CTE conference: GF students learn leadership, communication skills
By Kelby Newcomb
Green Forest high school students learned that anyone can be a leader Wednesday at the Career and Technical Education (CTE) Student Leadership Conference in the fellowship hall of Green Forest United Methodist Church.
Keith Kilbourn, agriculture sciences teacher, said the Green Forest School District has been holding the leadership conference for seven years now.
“We do this for these kids to understand that anybody can be a leader if they apply themselves,” he said. “It brings a lot of kids out of their shells. We picked some because they were quieter kids, and this will push them a little bit and get them out of their comfort zones.”
Ted Wiese of Wiese Training and Development, LLC. was the guest speaker for the event. The students were divided into teams and had to work together to beat the other teams in a variety of games and challenges.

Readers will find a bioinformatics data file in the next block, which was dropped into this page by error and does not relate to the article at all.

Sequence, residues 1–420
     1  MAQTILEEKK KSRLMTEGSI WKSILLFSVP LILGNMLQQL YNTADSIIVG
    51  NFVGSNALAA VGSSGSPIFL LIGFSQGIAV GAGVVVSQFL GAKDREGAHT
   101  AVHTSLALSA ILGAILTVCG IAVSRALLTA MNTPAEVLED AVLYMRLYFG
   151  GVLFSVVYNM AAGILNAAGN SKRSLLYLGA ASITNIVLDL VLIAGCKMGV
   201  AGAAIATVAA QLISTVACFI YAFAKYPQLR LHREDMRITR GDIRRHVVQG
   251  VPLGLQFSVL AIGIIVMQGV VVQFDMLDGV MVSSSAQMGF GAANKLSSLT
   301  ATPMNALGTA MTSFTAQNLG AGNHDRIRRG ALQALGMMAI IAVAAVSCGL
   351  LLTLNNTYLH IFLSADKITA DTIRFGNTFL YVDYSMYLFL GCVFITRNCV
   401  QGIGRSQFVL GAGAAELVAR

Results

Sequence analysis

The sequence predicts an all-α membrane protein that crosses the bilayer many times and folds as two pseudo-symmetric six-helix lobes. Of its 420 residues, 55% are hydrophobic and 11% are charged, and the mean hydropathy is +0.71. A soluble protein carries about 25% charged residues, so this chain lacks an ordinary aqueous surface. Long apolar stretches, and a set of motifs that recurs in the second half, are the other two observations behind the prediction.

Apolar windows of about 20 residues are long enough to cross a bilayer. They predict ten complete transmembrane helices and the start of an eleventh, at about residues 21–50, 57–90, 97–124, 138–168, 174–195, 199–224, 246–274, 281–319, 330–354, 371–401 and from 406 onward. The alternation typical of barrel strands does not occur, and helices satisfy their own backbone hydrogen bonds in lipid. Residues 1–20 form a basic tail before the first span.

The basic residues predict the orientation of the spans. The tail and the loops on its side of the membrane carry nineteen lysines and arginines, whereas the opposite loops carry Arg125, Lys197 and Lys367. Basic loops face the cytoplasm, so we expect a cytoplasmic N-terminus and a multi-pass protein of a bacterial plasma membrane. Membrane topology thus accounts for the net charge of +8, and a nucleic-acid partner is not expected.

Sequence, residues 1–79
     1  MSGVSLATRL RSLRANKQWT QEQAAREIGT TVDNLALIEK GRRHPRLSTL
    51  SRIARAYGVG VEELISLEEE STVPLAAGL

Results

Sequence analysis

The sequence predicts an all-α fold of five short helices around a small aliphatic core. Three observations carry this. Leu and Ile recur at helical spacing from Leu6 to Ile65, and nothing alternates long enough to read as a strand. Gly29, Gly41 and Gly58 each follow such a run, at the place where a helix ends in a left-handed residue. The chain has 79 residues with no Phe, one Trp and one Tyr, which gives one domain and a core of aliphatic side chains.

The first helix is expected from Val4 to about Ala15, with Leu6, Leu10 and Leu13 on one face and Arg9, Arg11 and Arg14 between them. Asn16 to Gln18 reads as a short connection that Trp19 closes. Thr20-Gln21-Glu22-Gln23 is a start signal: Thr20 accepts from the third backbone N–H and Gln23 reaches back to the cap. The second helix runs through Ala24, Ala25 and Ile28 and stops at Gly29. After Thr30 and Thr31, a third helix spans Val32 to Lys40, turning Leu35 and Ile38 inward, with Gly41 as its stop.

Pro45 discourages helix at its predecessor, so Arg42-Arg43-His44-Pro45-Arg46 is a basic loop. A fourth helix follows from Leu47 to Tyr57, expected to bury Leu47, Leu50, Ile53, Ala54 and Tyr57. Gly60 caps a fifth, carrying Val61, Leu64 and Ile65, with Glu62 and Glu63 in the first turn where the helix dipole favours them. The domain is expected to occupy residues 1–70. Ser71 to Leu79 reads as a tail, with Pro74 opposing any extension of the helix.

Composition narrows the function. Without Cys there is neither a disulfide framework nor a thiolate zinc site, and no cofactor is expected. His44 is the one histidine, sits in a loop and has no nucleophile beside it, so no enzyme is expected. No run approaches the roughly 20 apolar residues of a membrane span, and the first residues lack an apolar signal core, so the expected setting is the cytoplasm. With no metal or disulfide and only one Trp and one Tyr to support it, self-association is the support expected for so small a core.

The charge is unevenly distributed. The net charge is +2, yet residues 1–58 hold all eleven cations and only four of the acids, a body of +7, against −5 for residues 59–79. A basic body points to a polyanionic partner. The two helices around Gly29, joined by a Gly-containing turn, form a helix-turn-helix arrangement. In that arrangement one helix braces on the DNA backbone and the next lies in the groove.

Wiese said he works to connect with students rather than just speaking to them. He said his goal is to inspire students to believe they can make a difference and to teach them how to do it.
“Ted does an amazing job,” Kilbourn said. “We broke the students into teams, and each time has a mascot like Dragons, Lions, Bears and Hornets…. just no Tigers or Bobcats. He has them do a lot of hands-on activities that encourage them to work together and communicate. It’s all interactive. There’s no sitting around.”
Each activity, he said, teaches the students a different leadership skill.
“We’ve mostly been learning how to be a good leader,” student Macie Pinkley said. “The three steps [Wiese] taught us were ‘act on it,’ teamwork and your energy.”
“I liked when he stressed communication,” student Carter Boggs said. “He repeated the sentence ‘I didn’t say she stole the book,’ and the way he stressed each word changed the meaning.”
“He was talking about how text messages and digital communication can be misinterpreted,” said student Kendall DeMeyer.
Kilbourn said the leadership conference has been a hit with students over the years.
“Since we’ve been doing this, we’ve gotten to where we can only take so many students,” he said. “They beg to go and beg to go back if they’ve been before. It’s a lot of fun. It’s something they look forward to, and it’s working.”